In the words of the great Kinky Friedman, tonight was ‘another show in my hip pocket’. Or our collective hip pocket, in this case, which suggests that we’re sharing one giant, vaguely octopoid pair of trousers – if you count Roo’s cycling shorts, the second most disturbing trousers of the evening. (Out of sheer curiosity, that phrase garners no exact Google matches)
Like any gig, though, dig a little below the surface and there’s more to be had. Tonight was probably our least-rehearsed gig ever. Whilst we’ve been scrutinising the songs that we’ve been writing down to a level of detail that would embarrass the writers of ‘CSI’*, crucially, what we haven’t been doing is practising them for the last six months. It was great to perform again, great to banter with the crowd and great to discover that we can pull a worthwhile performance out of the bag and still be relaxed enough to enjoy the experience; for while the technical execution might not have been there this evening, we were still able to communicate what the songs were about, still able to get a crowd interested in songs they’d not heard before and we were still relaxed enough on stage to enjoy the experience and laugh at the mistakes.
The compliments that we received this evening were doubly flattering because we know that we were rusty – so the kind words were not for the performance but for the songs that we’ve written; laboured over and loved. That’s brilliant to hear. The thing to hang on to, then, is how lucky we are. We’re lucky to have met and clicked at the right time in our musical careers, lucky to have been inspired as we have, lucky to have supportive loved ones and fans who have kept us going, lucky to have a home venue like The Vaults.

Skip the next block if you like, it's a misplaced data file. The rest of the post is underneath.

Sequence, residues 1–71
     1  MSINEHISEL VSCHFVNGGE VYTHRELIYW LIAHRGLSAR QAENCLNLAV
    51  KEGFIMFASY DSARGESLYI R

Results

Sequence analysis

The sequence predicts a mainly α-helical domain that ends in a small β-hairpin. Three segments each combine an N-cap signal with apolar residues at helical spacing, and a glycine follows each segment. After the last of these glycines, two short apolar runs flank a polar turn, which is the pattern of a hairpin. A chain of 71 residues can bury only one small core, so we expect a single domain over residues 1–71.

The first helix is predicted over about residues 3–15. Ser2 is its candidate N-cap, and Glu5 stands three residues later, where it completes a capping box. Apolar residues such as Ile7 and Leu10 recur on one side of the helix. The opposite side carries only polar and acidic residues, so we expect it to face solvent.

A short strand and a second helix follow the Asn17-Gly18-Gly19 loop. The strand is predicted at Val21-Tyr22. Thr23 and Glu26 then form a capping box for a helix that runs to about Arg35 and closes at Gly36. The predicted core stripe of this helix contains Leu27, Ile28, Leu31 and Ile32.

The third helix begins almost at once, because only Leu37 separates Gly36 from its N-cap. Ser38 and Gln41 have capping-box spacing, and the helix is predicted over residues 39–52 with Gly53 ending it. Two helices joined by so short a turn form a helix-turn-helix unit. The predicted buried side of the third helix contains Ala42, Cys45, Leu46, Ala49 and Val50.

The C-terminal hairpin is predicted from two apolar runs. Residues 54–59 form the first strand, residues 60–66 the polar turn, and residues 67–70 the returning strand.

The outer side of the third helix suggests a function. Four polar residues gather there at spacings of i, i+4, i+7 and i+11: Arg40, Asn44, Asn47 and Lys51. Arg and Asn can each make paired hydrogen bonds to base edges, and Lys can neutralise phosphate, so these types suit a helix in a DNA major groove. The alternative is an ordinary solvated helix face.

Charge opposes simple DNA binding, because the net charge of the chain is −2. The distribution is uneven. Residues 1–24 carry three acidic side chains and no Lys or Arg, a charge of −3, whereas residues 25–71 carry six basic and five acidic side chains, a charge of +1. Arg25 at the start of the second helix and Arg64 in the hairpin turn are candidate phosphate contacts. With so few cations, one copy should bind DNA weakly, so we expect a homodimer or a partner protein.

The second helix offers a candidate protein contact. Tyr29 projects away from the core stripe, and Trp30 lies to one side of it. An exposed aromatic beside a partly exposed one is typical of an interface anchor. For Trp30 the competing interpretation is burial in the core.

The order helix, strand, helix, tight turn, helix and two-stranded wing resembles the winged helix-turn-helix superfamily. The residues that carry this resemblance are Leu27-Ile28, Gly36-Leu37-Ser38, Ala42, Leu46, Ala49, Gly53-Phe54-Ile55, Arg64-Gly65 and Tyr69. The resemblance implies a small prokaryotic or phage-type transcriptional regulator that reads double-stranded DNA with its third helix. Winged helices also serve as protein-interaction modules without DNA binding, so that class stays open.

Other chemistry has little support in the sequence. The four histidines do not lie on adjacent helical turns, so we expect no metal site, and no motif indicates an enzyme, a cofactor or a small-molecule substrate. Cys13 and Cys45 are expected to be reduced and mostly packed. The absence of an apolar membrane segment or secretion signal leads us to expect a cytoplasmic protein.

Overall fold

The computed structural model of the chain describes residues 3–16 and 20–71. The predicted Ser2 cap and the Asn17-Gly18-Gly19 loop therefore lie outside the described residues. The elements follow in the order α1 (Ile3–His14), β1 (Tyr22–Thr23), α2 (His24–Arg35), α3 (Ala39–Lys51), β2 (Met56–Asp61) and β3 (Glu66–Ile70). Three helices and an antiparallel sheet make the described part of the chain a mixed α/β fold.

When you hear strangers tell you how great you think the songs are, it’s easy to get cocky. It’s easy to start thinking that somehow you deserve success and global recognition, money and legions of fans, world tours and a golden trilby. The thing is, the instant you start thinking you deserve success, whether you have it or not, then you have to face the probability that you don’t. That you’re just fucking lucky. That there’s probably a guy sitting in his living room a hundred yards from where you’re playing that’s considerably better than you. Or would have been a hundred times better but never took it up.
On the other hand, if you’re too humble, you just wouldn’t play. You’d simply make way for the next guy, the better musician, the better looking singer, the younger, more charismatic band who might just make it. A certain amount of faith in your own songs is needed.
So we’re doubly lucky: not only for the reasons listed above but also to be in the sweet spot of getting just enough kind words about the songs to keep us believing that we’re doing something musically worthwhile but being able to remember just how lucky we are. Some kids grow up and never see a guitar. Some bands form and never get the breaks. Some bands get the early break and can’t resist the temptation to feel entitled and become insufferable pricks.
Some bands get the privilege of having time and resources to write songs, to play them in friendly venues to lovely people and to receive praise and encouragement at every step. If we ever get complacent or ungrateful about that, then feel free to put us in our places. Tonight may have been a low-key support slot but it was also a powerful reminder of just how good life can be. Thanks to everyone who made it possible. Unlimited love.
Layers out.*Coming soon: CSI Tetbury: “Someone’s stolen this antique fountain pen.” – “Let’s get fingerprints, hair samples, DNA.” – “No need. It was bound to be Dave. He was in earlier and he’s always a bit light fingered when he’s back on the skag…”